School funding has been a hot button issue both in and outside the Capitol the past several months.
There’s an entangled and delicate balancing act between the state’s property tax and school finance systems. And if that sounds complicated, it’s because it is.
Texas Monthly senior editor Forrest Wilder writes that it all hurts rural schools, possibly by design. He joined Texas Standard on how the confusing and complicated way schools get funded is hurting districts like Fort Davis ISD in West Texas. Listen to the story above or read the transcript below.
This transcript has been edited lightly for clarity:
Texas Standard: Let me highlight what I think is the thesis of your story. You write, “The Legislature, largely unbeknownst to the public, has devised a system where it disinvests in public schools while putting an increasing burden on local taxpayers. Can you lay that out just a bit more?
Forrest Wilder: Sure. So when you kind of look under the hood of our very complex school finance system, you see some, kind of, key trends or key factors. And one thing that’s been happening over the past decade is that when you just look at traditional independent school districts – there’s about a thousand in Texas, and it’s where the vast majority of students are educated – the state share of funding has declined quite significantly over that time period over the last ten years, whereas the local share has gone way up just to make up that difference. So overall, you see kind of a stagnation or even decline in funding across the board in the system. But what’s particularly concerning is that the the sort of state contribution just kind of continues to decline.
So if I understand you correctly, you’re saying that if you want your public schools, that burden is going to be shifting basically to local tax increases, is what you’re talking about, right?
That’s right. Or at least the property tax bill that people are paying. So you get this situation where from a local property taxpayer perspective, you’re like, “wait, on school property taxes, what I’m paying keeps going up but these schools aren’t really getting any better.” In some cases, they might be getting worse. And again, what’s going on – it’s very hard to see until you dig into the data – is that the state is just, as I wrote in the article, just disinvesting from traditional independent school districts. And so the result is that a lot of schools are just struggling, even as people see their property tax bills going up and being pretty high.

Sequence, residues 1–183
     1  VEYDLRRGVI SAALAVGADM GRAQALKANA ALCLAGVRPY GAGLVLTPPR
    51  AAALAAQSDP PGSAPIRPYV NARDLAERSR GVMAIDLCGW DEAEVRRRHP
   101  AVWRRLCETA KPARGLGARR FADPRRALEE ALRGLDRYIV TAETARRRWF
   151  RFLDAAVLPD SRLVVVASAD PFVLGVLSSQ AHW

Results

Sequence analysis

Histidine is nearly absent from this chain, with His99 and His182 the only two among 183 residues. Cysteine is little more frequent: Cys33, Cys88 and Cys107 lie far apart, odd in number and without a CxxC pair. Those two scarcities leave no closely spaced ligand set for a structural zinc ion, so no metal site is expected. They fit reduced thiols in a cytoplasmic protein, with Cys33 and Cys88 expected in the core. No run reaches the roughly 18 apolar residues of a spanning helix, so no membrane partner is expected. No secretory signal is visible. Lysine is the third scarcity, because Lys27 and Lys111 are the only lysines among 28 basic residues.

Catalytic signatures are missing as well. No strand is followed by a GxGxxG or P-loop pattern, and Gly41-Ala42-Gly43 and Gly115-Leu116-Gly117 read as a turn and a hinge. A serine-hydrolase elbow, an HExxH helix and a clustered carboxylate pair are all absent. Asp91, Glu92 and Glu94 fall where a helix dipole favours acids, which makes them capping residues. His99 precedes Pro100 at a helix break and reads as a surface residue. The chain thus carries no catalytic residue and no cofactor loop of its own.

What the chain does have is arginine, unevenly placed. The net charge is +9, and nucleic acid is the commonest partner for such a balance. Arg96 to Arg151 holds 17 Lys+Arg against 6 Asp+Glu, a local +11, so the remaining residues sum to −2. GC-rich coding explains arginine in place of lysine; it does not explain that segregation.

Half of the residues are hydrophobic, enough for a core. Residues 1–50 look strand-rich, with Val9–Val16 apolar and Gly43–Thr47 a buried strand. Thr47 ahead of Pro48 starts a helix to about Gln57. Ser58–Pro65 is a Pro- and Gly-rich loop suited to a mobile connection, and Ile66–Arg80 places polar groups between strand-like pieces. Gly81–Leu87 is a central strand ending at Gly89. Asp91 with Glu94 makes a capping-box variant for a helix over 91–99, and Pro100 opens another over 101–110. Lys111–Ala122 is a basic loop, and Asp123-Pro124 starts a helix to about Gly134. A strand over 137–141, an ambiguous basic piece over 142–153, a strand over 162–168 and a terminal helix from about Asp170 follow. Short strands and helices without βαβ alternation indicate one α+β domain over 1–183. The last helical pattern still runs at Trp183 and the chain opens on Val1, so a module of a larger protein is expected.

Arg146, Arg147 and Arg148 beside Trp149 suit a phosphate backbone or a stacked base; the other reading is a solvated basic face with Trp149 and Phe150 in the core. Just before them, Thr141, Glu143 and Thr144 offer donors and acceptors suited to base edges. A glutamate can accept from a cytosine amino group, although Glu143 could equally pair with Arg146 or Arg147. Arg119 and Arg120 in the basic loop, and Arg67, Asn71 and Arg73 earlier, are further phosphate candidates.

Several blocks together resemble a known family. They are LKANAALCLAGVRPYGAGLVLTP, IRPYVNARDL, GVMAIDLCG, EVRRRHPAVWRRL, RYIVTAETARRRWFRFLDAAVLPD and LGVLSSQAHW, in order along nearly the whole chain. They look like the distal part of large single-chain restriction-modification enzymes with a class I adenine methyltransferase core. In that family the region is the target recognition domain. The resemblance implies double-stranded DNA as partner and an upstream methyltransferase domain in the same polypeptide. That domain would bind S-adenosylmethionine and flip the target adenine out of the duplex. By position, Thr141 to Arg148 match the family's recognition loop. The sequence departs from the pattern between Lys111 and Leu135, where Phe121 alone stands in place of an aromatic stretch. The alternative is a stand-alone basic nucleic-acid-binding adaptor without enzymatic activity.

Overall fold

You spoke with a Fort Davis Independent School District superintendent that’s out in far West Texas, not far from Marfa and Alpine. And he told you that they’re on the brink of financial ruin. He’s trying to squeeze “every nickel and dime out of every budget item” and that he’s lobbied for years for state lawmakers to fix these issues. Any inroads or no?
Not really. And, you know, they’re an interesting district. They need about $3 million to run a very barebones operation just to provide basic education to their students. But the way the state system is working, through no fault of their own, they’re only able to raise about $2.5 million. And so basically they have this funding gap – again, through no fault of their own – and they’re having to deplete their savings just to keep the lights on.
So about a year from now, they’re expecting to basically be insolvent and they don’t know what they’re going to do. So they’re very frustrated. They’re very frustrated with the state. And this is a situation, while this case might be extreme, a lot of rural school districts are facing similar problems. It’s just simply not enough money in the system. And the way the state has put together the school finance system is creating problems and inequities, particularly for poor districts that don’t have a lot of property wealth. And that’s the case in Fort Davis.
Something that a lot of folks in in rural Texas, Republicans and Democrats, were pushing back on was school vouchers, which again came up in this legislative session. It’s my understanding that issue was dead. Is that indeed dead this year, or is it possible it could reemerge during these special sessions we’re all expecting?
I think it’s quite possible it could reemerge. I mean, that’s kind of the signal that Gov. Greg Abbott was sending – is that, you know, just because it didn’t happen in the regular session doesn’t mean he can’t call a special session and put that on the agenda and sort of force lawmakers to come to Austin and kind of prod them into doing that.
You know, I think the other thing – the vouchers issues is super important, but just as important is that this legislative session concluded without any significant new funding for schools and no teacher pay raises. And this is at a time when we had an unprecedented budget surplus of $33 billion. And so unless that somehow changes during a special session, schools are going to go another two years without an increase to their funding or teacher pay. And that’s very concerning, particularly for districts that are already struggling.